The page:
Despite the recent positive economic news, youth unemployment remains a significant challenge.
Over three-quarters of a million young people are out of work in Britain today. For those young people finishing school, their next steps will have a substantial bearing on the rest of their lives.
A significant proportion is wedded to the idea that university is the key to a successful and prosperous future, unaware of other avenues open to them. While for many university remains the most suitable option, this is not the case for all.
A study by the Million Jobs campaign, launched in Parliament last week, is the first of its kind to directly compare the earnings, employment and taxpayer returns of graduates to those of apprentices. It was also the first to investigate, in any meaningful detail, the impact of the type of university attended.
The study was commissioned by Pera Training, the largest provider of manufacturing apprenticeships in the country, to explore the strength of often quoted anecdotal evidence that vocational educational routes provide a more suitable avenue for many young people to join the workforce than more traditional academic options, such as university.
An important mechanism in tackling youth unemployment is ensuring young people and their parents are fully aware of the differing returns various forms of qualification offer. Strikingly, the study reveals over a third of all graduates (39 per cent) have lifetime earnings below those of the average higher apprentice. While nearly half (46 per cent) of those from post-1992 universities earn less than higher apprentices.
These differences, the study demonstrates, become amplified when subject studied is examined. For some ‘new’ university courses, such as media studies, as many as three-quarters of graduates earn less than the average higher apprentice.
In terms of employment, it finds evidence of diminishing prospects for young graduates. Since 2005, apprentices under the age of 25 have broadly enjoyed more favourable levels of both employment and unemployment than graduates. The study also reveals evidence of an increasing divergence in employment and unemployment levels between apprentices and graduates, in the former’s favour.
Despite these results, a poll of 500 British school leavers commissioned for the study found that apprenticeships are still seen as a minority option. Only two per cent say the majority of their peers are planning to become an apprentice, and just six per cent say they are planning an apprenticeship themselves.
More than half of school leavers feel apprenticeships are of no interest to them, and those surveyed are more than twice as likely to associate university, rather than apprenticeships, with providing a good long-term earning potential and job prospects. Fewer than one in six say they are preferred over university by their parents and friends. Apprenticeships are struggling to acquire the social status they deserve.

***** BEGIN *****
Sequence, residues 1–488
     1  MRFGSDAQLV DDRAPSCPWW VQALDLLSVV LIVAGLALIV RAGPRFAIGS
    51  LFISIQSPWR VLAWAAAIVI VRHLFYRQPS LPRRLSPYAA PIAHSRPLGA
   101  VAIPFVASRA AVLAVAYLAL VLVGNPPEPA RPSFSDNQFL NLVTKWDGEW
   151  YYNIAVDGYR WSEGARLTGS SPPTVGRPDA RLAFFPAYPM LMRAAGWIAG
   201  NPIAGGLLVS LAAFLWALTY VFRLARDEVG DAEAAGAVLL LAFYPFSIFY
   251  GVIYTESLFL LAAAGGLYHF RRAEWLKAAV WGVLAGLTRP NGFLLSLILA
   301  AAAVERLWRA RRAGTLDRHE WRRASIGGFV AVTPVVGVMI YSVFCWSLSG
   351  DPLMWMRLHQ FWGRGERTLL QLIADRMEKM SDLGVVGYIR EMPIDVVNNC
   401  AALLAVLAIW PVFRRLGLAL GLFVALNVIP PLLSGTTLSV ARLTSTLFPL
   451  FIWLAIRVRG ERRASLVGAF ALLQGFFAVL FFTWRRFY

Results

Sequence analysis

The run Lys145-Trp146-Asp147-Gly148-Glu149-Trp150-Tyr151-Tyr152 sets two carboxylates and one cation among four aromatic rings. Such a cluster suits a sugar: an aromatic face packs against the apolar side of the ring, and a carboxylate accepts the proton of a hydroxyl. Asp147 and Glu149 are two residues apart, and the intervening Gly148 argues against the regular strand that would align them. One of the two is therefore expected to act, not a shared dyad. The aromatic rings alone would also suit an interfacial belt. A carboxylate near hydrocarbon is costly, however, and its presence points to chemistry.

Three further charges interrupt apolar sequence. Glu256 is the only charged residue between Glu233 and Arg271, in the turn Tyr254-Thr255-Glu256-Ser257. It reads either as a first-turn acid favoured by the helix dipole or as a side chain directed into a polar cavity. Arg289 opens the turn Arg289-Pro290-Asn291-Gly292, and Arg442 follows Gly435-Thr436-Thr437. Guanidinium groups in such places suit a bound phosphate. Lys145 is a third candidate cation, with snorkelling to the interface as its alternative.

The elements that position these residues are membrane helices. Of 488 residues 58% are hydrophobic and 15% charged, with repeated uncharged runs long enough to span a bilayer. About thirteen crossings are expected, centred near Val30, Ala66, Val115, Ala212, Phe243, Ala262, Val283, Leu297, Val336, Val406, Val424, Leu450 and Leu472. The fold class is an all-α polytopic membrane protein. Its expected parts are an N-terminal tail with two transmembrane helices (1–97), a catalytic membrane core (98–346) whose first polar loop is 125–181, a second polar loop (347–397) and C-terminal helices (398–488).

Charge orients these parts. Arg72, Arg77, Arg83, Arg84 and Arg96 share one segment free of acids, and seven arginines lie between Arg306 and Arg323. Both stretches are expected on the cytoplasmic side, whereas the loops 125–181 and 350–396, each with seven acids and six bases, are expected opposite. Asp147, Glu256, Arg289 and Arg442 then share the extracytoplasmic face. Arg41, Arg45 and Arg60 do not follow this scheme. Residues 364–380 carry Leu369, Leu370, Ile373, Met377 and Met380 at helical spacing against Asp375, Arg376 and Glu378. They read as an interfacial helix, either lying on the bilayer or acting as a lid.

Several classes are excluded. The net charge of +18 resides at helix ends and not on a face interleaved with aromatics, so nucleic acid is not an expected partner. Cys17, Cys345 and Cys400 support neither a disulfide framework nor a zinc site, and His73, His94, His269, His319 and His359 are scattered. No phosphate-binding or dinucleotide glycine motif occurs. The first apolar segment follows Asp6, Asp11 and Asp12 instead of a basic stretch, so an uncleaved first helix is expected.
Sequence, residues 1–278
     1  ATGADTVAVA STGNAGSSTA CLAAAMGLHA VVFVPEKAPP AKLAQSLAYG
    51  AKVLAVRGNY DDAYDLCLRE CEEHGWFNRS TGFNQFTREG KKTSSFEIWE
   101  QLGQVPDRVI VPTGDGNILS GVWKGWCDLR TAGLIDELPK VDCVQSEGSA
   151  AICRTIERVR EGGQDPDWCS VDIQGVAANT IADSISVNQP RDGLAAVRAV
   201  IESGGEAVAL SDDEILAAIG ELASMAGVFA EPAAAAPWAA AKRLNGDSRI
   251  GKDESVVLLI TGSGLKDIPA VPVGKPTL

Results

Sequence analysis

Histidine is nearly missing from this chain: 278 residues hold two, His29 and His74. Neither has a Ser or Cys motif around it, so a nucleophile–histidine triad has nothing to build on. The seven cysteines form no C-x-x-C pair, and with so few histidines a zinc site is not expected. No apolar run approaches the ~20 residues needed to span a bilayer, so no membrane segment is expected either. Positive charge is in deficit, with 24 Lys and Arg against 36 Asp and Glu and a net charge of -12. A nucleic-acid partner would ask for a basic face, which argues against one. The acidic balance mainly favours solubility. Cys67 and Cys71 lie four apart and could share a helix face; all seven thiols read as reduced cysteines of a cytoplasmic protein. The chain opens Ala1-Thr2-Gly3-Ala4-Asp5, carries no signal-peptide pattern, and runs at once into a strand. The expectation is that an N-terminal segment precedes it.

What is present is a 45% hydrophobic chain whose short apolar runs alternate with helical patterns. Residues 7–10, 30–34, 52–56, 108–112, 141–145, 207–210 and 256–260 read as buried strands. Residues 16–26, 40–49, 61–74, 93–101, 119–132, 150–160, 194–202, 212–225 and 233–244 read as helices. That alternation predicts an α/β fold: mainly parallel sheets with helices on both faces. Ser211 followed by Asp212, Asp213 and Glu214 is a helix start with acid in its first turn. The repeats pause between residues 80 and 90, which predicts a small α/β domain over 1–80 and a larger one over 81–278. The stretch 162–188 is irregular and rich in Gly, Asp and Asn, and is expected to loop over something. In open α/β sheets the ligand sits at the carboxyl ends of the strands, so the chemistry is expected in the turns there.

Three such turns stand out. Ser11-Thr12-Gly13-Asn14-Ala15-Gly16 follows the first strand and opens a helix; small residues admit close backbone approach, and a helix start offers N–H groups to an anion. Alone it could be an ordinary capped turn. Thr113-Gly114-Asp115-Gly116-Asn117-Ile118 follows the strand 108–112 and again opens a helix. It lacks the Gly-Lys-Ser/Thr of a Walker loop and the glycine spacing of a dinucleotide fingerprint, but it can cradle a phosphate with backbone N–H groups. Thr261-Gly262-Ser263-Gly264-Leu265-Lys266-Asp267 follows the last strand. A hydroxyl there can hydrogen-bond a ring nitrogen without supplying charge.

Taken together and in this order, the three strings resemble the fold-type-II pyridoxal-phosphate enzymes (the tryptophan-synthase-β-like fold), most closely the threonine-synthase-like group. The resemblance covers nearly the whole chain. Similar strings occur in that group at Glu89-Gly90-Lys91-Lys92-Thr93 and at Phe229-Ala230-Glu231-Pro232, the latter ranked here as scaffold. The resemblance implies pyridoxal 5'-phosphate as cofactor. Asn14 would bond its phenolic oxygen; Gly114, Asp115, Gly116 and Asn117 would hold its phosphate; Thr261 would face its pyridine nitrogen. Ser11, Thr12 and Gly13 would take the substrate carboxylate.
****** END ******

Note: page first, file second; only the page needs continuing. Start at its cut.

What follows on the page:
The poll identifies clear drivers to encouraging the uptake of apprenticeships. Three in five school leavers not planning on undertaking an apprenticeship say a guarantee of a job or qualification at the end of the apprenticeship would encourage them to do so, while half say a clearer idea of the earning potential would have this effect. Emphasising these key attributes will help to reposition apprenticeships as a desirable and practical alternative for school leavers.
Tackling such misconceptions is vital if policymakers are serious in their determination to tackle the country’s youth unemployment and to equip young people with the skills they need to meaningfully participate in Britain’s 21st century workforce. But in order to be successful, the battle must take place on two fronts.
Firstly, to promote awareness among students, their parents and teachers of the opportunities modern apprenticeships offer. But secondly –and in order for apprenticeships to gain their rightful place alongside graduate degrees – we must see greater transparency and competition between higher education institutions. Young people must be made aware that not all degrees offer the same returns.
In a recent job interview for a policy position with a leading higher education membership body, a prospective candidate was asked what they deemed to be the greatest threat to the UK’s higher education industry. They replied: loan repayment rates by institution.
This attitude is wrong. Increased transparency and competition in the higher education can only be a positive. It will help the country retain its place at the forefront of higher education and research, while giving young people the opportunity they deserve to compete in the global race.
The increase in tuition fees to £9,000 a year was a bold and much needed step. For the first time it forced universities to compete to attract students, while affording students the power to hold institutions to account. But there is more still to be done to ensure the higher education system in the UK remains among the best in the world and to ensure students get a sufficient return on their investment. The status quo, whereby 45 per cent of student loans are never repaid, is unacceptable.
It is crucial we move away from the idea that graduates are a single homogenous unit. They are not. We will not see the apprenticeships revolution policymakers strive for without a revolution in the higher education sector.